And that all comes down to us. Buy the good stuff. By less…
(Here’s our list of the top toys that our kids enjoyed as toddlers and babies. We focus on the best toys that last a long time. Some are plastic and there is a place for plastic. But only when it is not used for some disposable crap that is just going straight to the landfill.)
September 27th, 2007
You’ve got to come check out my first solo art show! I’ve been doing ceramics for a couple of years now and I guess people have been diggin’ it, so Jennifer Joyce offered me a show at her gallery!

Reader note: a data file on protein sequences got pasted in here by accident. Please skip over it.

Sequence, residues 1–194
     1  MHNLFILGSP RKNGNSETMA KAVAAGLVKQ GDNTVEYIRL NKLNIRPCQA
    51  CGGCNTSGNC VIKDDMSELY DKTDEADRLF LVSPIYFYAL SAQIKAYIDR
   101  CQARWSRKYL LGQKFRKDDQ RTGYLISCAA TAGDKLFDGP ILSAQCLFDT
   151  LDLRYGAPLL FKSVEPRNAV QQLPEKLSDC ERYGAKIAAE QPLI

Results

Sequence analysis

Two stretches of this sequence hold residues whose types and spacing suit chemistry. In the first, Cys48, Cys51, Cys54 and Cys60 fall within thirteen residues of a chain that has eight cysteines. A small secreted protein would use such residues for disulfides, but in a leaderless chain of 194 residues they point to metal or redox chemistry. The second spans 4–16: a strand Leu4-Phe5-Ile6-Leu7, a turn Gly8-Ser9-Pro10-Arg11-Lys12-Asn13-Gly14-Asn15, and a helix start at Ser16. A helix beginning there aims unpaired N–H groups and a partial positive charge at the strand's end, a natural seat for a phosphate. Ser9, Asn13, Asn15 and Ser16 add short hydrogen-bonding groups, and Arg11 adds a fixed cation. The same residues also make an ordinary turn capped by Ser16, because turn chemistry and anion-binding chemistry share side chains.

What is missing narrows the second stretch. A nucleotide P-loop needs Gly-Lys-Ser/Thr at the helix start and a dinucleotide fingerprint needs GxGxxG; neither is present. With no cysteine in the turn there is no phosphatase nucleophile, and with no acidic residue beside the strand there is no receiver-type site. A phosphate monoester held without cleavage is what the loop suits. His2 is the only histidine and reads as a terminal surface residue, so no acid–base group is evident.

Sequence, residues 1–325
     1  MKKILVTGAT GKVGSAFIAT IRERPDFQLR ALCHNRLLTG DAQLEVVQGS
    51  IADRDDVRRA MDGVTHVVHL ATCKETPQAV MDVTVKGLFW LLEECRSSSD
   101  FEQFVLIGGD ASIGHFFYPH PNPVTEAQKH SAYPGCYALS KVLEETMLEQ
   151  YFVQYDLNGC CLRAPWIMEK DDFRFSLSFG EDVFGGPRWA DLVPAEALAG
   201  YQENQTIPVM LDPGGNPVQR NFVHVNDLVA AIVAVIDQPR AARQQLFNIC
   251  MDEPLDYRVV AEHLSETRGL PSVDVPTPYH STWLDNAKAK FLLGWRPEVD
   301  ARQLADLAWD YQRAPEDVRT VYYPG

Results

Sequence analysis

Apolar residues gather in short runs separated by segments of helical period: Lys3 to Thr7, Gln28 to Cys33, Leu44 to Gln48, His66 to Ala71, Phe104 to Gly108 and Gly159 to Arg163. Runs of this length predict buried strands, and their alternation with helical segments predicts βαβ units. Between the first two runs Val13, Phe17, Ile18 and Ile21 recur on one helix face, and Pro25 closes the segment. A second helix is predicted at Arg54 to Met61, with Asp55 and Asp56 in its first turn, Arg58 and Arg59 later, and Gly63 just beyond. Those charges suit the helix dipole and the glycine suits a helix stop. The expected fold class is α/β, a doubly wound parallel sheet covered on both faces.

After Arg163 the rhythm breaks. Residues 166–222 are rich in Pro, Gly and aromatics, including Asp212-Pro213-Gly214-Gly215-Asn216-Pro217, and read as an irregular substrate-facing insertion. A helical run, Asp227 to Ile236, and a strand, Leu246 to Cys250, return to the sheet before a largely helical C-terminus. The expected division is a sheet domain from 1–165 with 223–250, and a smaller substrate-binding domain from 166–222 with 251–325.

Working in clay has been so satisfying — plunging my fingers into something substantial, away from the computer, in real life. And being able to create things that just ooze out of my brain. No flow charts, no code, no organization, no usability testing.
So, with complete disregard for utility or what anyone else thinks, I’ve somehow been making some nice pieces that people like. I don’t want to whine… I’m not quite satisfied with the work I’m producing. I feel like I’m just now starting to control the clay more than it controls me. But I’m pleased with enough that I’ll be able to fill a small room with some interesting stuff I’ve made.
Anyway, the show is called ‘unearthed’ and you can check out a few pieces of pottery at www.quixo.com/unearthed. You can give each piece a little spin with the fancy interactive-online-art-spinning-widget. And I hope you’ll join me at the opening Saturday, October 13, 5-8pm.